Today you can still find guitar legend Dennis Coffey playing every Tuesday night at Northern Lights Lounge in Detroit. Previous recordings of Coffey in recent years (One Night at Morey’s, 1968, Hot Coffey in the D: Burnin’ at Morey Baker’s Showplace Lounge)have focused on the late ‘60s, the heyday of funk. Live at Baker’s, from a 2006 session, brings us into a more contemporary mode.
For this spring Saturday night in 2006, Coffey’s band included future two-time Detroit Music Award-winner Demetrius Nabors on keys, Grammy-nominated Gaelynn McKinney on drums and bassist Damon Warmack. Already it’s different from the other Coffey dates being that it’ a quartet rather than an organ trio. It’s an eclectic mix of tunes that displays not only Coffey’s funk genius but tasteful playing on melodic tunes like “Moonlight in Vermont,” as just one example.
He begins with “Little Sunflower,” which first appeared on trumpeter Freddie Hubbard’s Backlash. It’s a bossa nova line where Coffey’s lead is loosely based on Hubbard’s trumpet part. “Chicago Song” comes from David Sanborn’s Grammy-winning 1967 Change of Heart. Although Warmack stays true to the original bass line, Coffey’s quartet takes the tune more into a soul-jazz direction. As the modest Coffey says, “All I did was choose these songs. I just adapted them to my style with the musicians I had with me. And once we started playing them, they organically took on a life of their own.”
A standout is the smoothed-out version of Coffey’s own 1971 funk hit, “Scorpio,” where Coffey stays true to the original melody while his rhythm section lays down a different set of grooves than the original. That’s followed by his tender, faithful reading of the standard “Moonlight in Vermont.” The requisite Motown tune is the Temptations’ “Just My Imagination,” one that owes its melody largely to the lines Coffey conceived. Here they explore the tune’s romantic jazz characteristics in a ten minute plus cut.
This sets the stage for a series of rather classic jazz tunes. First up is Jimmy Smith’s “The Sermon” wherein Nabors plays the electric piano rather than organ and Coffey uses guitar lines that occasionally reference Smith, putting his own stamp on them. That’s followed by “All Blues” from Miles Davis’ iconic Kind of Blue. Although it’s a challenging modal tune, Coffey uses an approach he calls “tonal-center,” finding chords that revolve around the central chord. “Way Back Home” owes to Joe Sample and the Jazz Crusaders, a group Coffey did sessions with when he was in L.A. He wraps up with “Dink’s Blues” drawn from Jack McDuff’s 1961 Honeydripper, which featured guitarist Grant Green. Coffey makes subtle nods to Green as he weaves through the tune.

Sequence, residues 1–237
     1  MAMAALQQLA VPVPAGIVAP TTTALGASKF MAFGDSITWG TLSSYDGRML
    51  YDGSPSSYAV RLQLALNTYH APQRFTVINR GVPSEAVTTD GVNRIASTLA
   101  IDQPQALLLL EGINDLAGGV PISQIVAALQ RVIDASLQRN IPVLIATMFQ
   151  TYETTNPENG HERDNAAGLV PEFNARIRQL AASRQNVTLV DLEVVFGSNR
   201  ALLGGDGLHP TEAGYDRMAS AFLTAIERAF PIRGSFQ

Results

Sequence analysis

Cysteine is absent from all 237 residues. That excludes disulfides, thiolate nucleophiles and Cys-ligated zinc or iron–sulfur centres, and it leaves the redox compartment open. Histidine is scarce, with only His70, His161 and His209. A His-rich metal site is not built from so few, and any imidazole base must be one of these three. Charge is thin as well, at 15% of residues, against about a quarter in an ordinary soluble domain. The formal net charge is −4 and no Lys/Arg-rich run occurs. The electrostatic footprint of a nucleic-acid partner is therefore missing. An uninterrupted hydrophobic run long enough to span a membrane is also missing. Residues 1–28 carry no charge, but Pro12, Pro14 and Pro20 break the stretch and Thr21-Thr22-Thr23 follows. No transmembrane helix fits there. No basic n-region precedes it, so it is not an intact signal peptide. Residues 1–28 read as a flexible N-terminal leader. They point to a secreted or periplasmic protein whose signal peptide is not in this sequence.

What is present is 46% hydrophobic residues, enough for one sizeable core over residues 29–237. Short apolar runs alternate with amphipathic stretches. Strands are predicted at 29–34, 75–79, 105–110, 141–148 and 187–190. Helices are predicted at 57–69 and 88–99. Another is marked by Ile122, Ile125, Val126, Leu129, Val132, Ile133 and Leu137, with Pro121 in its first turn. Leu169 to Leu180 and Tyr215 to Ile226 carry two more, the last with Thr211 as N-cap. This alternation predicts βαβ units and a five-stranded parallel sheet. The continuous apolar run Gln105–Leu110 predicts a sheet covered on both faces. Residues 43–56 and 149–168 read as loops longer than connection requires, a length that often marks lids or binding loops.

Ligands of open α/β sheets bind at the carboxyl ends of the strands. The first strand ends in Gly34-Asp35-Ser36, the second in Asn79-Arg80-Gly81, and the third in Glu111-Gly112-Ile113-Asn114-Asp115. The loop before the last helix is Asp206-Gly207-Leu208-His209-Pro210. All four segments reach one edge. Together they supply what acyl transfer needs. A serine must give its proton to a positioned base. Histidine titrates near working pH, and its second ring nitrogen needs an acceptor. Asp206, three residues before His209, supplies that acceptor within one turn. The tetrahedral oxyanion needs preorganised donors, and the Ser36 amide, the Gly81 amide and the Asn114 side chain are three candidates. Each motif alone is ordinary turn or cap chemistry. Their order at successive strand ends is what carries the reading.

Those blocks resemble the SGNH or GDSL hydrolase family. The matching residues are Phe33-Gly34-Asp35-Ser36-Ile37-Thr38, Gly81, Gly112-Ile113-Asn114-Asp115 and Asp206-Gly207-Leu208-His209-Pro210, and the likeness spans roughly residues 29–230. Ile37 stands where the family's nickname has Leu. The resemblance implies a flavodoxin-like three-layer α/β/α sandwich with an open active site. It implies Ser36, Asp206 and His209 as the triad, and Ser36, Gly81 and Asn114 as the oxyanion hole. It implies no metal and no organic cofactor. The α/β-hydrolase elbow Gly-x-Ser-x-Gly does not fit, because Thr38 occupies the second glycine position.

As background, Coffey was a leading force, a “Funk Brother” along with bassist James Jamerson, one of the world’s iconic studio ensembles for countless Motown hits as celebrated in the Grammy Award-winning soundtrack for Standing in the Shadows of Motown, which featured Coffey. When you think of the Temptations hits “Ball of Confusion,” “Cloud Nine,” “Just My Imagination” or Edwin Starr’s “War,” to name just a handful, it’s Coffey that you hear on guitar. Along the way, Coffey collaborated with his partner, Mike Theodore, to produce records in several genres. They also discovered and produced Sixto Rodriguez, the subject of the Oscar-winning documentary from 2012, Searching for Sugar Man.
Like the best musicians, Coffey says, “I’m still learning music and trying to come up with new stuff.” He’s now 78, showing absolutely no interest in quitting any time soon, recalling time spent playing with Les Paul when Paul was 91 or 92 and seeing Segovia play a concert all by himself at 92. Keep on playing, Dennis!